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Global carbon emissions increase but rate has slowed – University of Reading

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Global carbon emissions increase but rate has slowed

Release Date 04 December 2019

The report says the rate of growth of carbon dioxide emissions from the burning of fossil fuels is set to slow in 2019

Global carbon emissions are set to grow more slowly in 2019, with a decline in coal burning offset by strong growth in natural gas and oil use worldwide, according to researchers at the University of Reading.

The Global Carbon Project published its annual analysis of trends in the global carbon cycle on Wednesday (4 Dec), including the first full-year estimate of the increase in carbon dioxide emissions from burning fossil fuels in 2019.

Emissions from burning fossil fuels are projected to grow by 0.6% (range: –0.2 to +1.5%) this year to reach almost 37 billion tonnes of carbon dioxide (CO2). This is down from 1.5% in 2017 and 2.1% in 2018.

This lower rate of growth is due to substantial declines in coal use in the EU and US, and slower growth in coal use in China and India compared to recent years. Weaker economic growth has also contributed to this trend.

Dr Patrick McGuire, land surface processes computational scientist at the University of Reading and NCAS, who worked on the report, said: “It has been four years since the Paris Agreement yet carbon emissions and global temperatures continue to rise.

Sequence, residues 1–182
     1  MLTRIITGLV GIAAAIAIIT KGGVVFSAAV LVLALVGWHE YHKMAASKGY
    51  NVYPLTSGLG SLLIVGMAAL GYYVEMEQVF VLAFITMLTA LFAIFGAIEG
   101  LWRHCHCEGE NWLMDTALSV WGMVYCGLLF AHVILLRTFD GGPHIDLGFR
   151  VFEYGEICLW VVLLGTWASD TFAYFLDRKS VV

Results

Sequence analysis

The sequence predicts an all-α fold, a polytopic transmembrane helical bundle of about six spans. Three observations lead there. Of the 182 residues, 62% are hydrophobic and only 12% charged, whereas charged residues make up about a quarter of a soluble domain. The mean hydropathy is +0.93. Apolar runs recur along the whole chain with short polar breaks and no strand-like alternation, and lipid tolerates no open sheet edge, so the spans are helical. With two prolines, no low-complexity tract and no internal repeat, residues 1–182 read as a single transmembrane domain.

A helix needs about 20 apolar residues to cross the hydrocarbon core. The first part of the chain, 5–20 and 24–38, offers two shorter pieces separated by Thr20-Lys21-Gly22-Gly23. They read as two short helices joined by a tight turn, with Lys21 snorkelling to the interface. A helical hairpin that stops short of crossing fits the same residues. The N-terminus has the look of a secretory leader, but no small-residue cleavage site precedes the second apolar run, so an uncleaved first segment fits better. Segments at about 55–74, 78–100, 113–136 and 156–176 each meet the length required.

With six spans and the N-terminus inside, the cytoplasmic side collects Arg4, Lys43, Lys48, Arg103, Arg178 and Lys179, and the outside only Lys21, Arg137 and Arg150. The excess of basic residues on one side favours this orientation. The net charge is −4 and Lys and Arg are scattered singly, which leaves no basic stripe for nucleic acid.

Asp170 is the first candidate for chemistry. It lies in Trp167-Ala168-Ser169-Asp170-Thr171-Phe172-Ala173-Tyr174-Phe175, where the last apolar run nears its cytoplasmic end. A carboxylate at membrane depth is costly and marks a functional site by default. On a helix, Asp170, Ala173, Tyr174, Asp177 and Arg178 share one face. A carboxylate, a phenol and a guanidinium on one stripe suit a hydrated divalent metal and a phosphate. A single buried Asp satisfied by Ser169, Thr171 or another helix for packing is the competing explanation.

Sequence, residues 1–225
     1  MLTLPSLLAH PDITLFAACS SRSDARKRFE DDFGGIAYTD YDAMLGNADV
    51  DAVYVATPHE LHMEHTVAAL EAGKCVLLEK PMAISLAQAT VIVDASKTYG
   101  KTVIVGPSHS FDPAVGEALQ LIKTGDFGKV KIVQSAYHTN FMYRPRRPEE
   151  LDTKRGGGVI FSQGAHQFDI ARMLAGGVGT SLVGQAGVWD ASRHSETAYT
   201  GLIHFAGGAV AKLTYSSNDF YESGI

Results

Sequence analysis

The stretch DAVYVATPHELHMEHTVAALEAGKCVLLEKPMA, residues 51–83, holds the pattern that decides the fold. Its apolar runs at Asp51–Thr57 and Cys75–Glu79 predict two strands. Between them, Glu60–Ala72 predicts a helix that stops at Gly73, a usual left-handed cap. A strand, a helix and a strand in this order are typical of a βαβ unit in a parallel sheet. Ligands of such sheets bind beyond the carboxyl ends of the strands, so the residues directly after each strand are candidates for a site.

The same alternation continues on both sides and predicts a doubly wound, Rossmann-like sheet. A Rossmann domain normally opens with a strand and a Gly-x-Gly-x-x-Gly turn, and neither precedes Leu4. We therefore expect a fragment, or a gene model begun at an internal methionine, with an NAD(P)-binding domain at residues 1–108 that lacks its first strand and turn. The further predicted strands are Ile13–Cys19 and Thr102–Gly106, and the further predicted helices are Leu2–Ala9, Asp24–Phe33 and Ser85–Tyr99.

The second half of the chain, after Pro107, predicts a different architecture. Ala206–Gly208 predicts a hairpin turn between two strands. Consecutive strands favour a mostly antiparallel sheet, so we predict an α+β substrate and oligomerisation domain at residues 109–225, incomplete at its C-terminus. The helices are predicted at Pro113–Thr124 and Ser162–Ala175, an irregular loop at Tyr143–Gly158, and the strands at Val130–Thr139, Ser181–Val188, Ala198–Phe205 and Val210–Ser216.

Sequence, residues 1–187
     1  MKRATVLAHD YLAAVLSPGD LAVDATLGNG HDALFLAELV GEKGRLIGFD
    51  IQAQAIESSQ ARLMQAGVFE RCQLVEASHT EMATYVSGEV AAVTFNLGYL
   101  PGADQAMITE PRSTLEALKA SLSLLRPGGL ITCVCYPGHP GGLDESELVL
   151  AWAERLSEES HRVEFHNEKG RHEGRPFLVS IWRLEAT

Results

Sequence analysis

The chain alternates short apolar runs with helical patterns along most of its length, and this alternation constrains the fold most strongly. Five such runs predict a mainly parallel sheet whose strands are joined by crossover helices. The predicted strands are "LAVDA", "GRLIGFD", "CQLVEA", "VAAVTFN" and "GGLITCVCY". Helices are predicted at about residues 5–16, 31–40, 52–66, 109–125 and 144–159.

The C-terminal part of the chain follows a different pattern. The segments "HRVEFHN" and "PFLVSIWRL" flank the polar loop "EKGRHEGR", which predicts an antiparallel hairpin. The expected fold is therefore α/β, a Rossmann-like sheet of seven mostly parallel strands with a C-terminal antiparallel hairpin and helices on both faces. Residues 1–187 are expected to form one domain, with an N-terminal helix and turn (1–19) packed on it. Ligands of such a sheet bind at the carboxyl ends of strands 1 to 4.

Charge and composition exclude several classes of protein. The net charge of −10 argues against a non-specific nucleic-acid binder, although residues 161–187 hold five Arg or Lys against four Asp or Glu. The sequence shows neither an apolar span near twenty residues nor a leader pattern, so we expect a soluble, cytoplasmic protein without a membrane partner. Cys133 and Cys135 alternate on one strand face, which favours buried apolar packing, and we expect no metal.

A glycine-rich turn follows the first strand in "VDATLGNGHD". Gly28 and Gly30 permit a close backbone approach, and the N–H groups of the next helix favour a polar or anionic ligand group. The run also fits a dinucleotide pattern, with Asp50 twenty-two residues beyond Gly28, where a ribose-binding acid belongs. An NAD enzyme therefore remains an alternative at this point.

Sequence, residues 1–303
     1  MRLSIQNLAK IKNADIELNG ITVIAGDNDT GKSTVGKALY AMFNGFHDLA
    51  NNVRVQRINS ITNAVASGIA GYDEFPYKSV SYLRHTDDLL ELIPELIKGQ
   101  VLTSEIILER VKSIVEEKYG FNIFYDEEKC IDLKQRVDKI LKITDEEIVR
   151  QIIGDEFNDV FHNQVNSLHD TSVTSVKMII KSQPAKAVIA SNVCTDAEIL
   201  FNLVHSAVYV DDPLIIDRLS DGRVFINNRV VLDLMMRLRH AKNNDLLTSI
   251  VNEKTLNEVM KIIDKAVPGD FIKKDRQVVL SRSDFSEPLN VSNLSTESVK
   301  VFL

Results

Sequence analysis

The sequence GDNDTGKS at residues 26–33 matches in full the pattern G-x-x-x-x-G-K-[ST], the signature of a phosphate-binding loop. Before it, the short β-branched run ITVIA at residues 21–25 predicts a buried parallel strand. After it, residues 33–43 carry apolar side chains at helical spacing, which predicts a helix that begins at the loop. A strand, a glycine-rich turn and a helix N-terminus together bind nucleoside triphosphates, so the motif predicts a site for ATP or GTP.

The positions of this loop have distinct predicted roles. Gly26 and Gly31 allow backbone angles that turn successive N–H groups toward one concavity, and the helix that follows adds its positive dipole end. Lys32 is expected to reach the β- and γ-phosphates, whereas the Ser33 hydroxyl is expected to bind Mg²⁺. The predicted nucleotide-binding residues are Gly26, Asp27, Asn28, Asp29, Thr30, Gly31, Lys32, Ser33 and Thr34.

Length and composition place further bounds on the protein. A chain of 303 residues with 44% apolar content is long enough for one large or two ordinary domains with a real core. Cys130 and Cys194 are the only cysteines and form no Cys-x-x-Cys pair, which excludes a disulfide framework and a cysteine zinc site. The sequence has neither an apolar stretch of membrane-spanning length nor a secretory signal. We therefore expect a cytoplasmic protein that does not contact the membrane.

“Reducing carbon emissions is fundamental to efforts to tackle climate change, and although the slow in growth of emissions revealed by this report is welcome it is nowhere near enough to allow us to meet our targets and avoid some of the worst consequences of climate change.”

Reading scientists worked on the Global Carbon Project report with colleagues around the world, including scientists from the University of East Anglia (UEA) and University of Exeter. Reading’s experts ran simulations on the CEDA JASMIN super-data-cluster with the Sheffield Dynamic Global Vegetation Model for the past three centuries to estimate how effective plants and soil are at absorbing carbon dioxide from the atmosphere, and how land use changes had impacted this.

The report also showed that natural gas has seen the fastest fossil fuel emissions growth in 2019, with a projected increase of 2.6% (+1.3 to +3.9%). Oil used in transport is also driving emissions up, with a projected increase of 0.9% (+0.3 to +1.6%) this year, while emissions from coal burning are projected to decrease by 0.9% (-2.0 to +0.2%).

Emissions this year are likely to be 4% higher than in 2015, the year of the UN Paris Agreement, which set a global temperature rise limit of 1.5°C or well below 2°C.

As international governments gather at the UN Conference of the Parties (COP25) in Madrid this week, the team behind the annual update of the Global Carbon Project call for policies directed at phasing out the use of fossil fuels, in addition to more urgent and large-scale deployment of renewable energy and other low-carbon technologies.

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